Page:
Ian Fleming, Larry McMurty, Mario Puzo — these were the people who taught me about sex when I was growing up, writes Karen Frankola…
I started sneaking my father’s racy novels off his bookshelf even before I was a teenager. The Spy Who Loved Me, The Last Picture Show, and a dog-eared paperback of The Godfather made the biggest impressions on me. I was a bookworm who had never even been kissed, and some of the sex scenes were downright frightening.
When Jacy, the teen bitch-queen of Picture Show, loses her virginity to Duane, and tells him afterward to stop making such a fuss, I wondered if that’s how I would feel after my first time. Although those three books were written by men, they all included a female perspective which made their sex scenes seem real. Or at least that’s how I feel looking back on them as an adult. I definitely remember the sexy parts more than anything else in all three books, probably because I read them over and over again!
Once I became an adult, I didn’t really search for “dirty” books. If there was a good book with a well-written sex scene, I certainly enjoyed it, but I never developed a taste for erotica. And then Fifty Shades of Grey came out and I had to see what all the fuss was about. I couldn’t really understand the attraction for any woman who wasn’t into S&M, spanking, or bondage. Even if you were, the rest of the book moved very slowly.
So when I wrote Appetites, I had a tough time trying to figure out how much sex to put into it. The first version had one fairly graphic sex scene because it was so instrumental to the plot. Sarah, the heroine, fulfills a long-recurring sexual fantasy, which endangers two of her key relationships.
But my sister (a great sounding board!) said that sex scene came out of nowhere and I should either tone it down or add more. I decided since the theme of Appetites is about desire and passion, I had to be just as honest about the yearning for sex and the consequences of bad decisions as I was with Sarah’s and Max’s appetites for food or drink. So sex became a bigger part of the book.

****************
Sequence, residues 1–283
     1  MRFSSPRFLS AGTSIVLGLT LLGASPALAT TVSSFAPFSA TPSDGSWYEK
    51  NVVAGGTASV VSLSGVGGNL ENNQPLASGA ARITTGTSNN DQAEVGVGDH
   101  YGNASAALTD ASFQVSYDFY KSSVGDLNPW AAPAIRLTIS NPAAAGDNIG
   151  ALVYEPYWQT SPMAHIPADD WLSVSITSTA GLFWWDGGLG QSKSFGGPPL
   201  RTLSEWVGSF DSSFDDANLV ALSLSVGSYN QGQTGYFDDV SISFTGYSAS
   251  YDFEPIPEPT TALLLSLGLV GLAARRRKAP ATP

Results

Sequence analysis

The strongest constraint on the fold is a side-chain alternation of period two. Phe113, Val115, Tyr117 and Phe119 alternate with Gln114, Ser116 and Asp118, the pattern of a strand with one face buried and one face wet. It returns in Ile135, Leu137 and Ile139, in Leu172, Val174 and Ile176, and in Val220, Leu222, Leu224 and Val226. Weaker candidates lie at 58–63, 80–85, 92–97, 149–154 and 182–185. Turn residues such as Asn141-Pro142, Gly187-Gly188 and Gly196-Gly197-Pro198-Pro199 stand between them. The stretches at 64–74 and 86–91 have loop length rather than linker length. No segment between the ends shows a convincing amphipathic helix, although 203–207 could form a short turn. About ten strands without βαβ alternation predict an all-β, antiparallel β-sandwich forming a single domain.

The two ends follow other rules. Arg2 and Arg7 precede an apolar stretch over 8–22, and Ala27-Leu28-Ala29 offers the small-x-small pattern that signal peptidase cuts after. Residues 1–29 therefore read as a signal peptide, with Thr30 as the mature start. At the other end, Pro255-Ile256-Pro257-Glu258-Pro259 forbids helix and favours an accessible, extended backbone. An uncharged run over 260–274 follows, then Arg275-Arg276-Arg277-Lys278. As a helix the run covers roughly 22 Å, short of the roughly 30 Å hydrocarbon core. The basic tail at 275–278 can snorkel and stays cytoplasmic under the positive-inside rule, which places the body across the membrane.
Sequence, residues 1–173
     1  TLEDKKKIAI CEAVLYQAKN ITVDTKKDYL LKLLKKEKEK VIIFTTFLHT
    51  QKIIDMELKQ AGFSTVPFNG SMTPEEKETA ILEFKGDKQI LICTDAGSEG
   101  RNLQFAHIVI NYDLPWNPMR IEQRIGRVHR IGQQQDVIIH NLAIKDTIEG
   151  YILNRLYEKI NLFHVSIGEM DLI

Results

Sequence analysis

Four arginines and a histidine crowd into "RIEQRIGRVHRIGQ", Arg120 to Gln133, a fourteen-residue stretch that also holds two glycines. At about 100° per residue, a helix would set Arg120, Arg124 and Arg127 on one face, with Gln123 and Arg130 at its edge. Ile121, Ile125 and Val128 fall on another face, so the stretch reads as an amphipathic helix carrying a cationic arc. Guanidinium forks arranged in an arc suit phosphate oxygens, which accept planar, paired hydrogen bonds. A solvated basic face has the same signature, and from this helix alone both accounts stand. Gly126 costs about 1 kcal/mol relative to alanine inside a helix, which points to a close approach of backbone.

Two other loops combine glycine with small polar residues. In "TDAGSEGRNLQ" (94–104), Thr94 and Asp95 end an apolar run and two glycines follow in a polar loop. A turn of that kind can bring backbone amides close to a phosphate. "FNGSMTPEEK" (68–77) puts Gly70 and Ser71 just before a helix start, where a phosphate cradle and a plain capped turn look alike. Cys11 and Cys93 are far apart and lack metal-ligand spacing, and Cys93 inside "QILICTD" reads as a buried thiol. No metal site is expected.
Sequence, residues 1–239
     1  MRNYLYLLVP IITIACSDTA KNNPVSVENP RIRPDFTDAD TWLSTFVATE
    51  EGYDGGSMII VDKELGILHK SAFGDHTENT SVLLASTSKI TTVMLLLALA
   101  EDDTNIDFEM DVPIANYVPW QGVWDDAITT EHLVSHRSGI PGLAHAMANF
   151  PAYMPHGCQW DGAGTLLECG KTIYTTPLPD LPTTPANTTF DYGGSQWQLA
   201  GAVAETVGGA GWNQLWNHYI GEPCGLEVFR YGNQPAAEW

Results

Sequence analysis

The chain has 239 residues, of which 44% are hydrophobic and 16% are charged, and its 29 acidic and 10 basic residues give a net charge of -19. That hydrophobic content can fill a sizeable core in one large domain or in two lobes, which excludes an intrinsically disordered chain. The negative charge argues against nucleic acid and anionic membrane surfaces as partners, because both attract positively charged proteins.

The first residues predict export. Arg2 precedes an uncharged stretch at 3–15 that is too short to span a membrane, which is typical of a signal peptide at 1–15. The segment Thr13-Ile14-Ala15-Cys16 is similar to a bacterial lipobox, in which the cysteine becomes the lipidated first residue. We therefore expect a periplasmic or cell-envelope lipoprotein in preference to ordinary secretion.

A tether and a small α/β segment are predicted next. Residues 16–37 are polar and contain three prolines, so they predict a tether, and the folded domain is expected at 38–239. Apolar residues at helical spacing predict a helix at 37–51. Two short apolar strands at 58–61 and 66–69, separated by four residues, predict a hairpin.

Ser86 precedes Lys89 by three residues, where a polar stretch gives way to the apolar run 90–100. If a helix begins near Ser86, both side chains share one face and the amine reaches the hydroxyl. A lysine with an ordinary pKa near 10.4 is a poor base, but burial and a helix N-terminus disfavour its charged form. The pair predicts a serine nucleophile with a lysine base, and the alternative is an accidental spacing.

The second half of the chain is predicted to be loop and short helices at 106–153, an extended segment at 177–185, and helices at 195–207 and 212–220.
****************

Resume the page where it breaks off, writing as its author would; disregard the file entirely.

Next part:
The biggest compliment I’ve gotten on the sex scenes are that they are realistic. Sex exposes a great deal about a character and the reader can miss out on character development if you decide not to reveal too much. On the other hand, I find too much description of the in-and-out and talk of fluids boring. All the sex in Appetites is one-on-one, between a man and a woman, with no one tied up. Perhaps it’s harder to make that type of sex exciting than something more kinky, but I’m guessing that’s the kind of sex most people actually prefer.
I do have to say writing the sex scenes were challenging, but very enjoyable! I hope they turn the reader on, but more importantly, I hope they help readers understand why Sarah and Max have made other choices in their lives.
And finally, putting sex into your book can be a little embarrassing. You can’t write about sex wondering what your mother would think if she read it! But if someone like Lena Dunham can be so honest with her writing and displaying her own body in Girls, I think I can handle watching my fictional characters create a little steam.
When Sarah suddenly hears from Harry, the Brit she almost married twenty years ago, she decides now is the time to change her life. Sarah has a great job in Manhattan, but she considers herself too fat to have a boyfriend. Harry is visiting New York in four months and she wants to turn back into the girl he fell in love with. Since she can never stick to a diet, she comes up with a drastic solution.
Sarah asks her sister Max to lock her up in her basement and feed her nothing but healthy meals. Max, a struggling waitress, agrees begrudgingly. She’s skinny, but has her own set of appetites—for drink, drugs, and great-looking losers. Sarah thinks a summer in Max’s basement will give her a new body, a chance to reconnect with Harry, and the friendship she’s long craved from her sister. But things quickly go wrong. Max’s drinking leads her to neglect Sarah, who figures out how to get out of the basement. Sarah develops an obsession with Max’s boyfriend and manages to fulfill a sexual fantasy by pretending to be something she’s not. Can Sarah turn back time with Harry or will she and Max kill each other first? Can either sister ever learn to say no?
Karen Frankola spent much of her career writing very short stories at news organisations like CNN and MSNBC, so creating a novel was challenging. She now does a variety of writing for corporations and non-profit organizations. Karen is lucky enough to work mostly from home, with her dog Rascal curled up under her desk. Karen grew up near Pittsburgh, where she spent much of her childhood reading books in the cemetery that bordered her family’s backyard. Karen moved to nine different States and England. Some of her favorite jobs were teaching journalism at the University of Missouri, working as a television news director, and handling video shoots for Deloitte around the world. She also spent a summer repairing motors at a steel mill and hopes to soon publish a coming-of-age memoir about that experience. Karen and her husband Troy now reside in Durham, North Carolina, where they enjoy watching deer in the woods behind their house, lots of live music, beautiful biking trails, and great neighbors. She is working on a sequel to Appetites.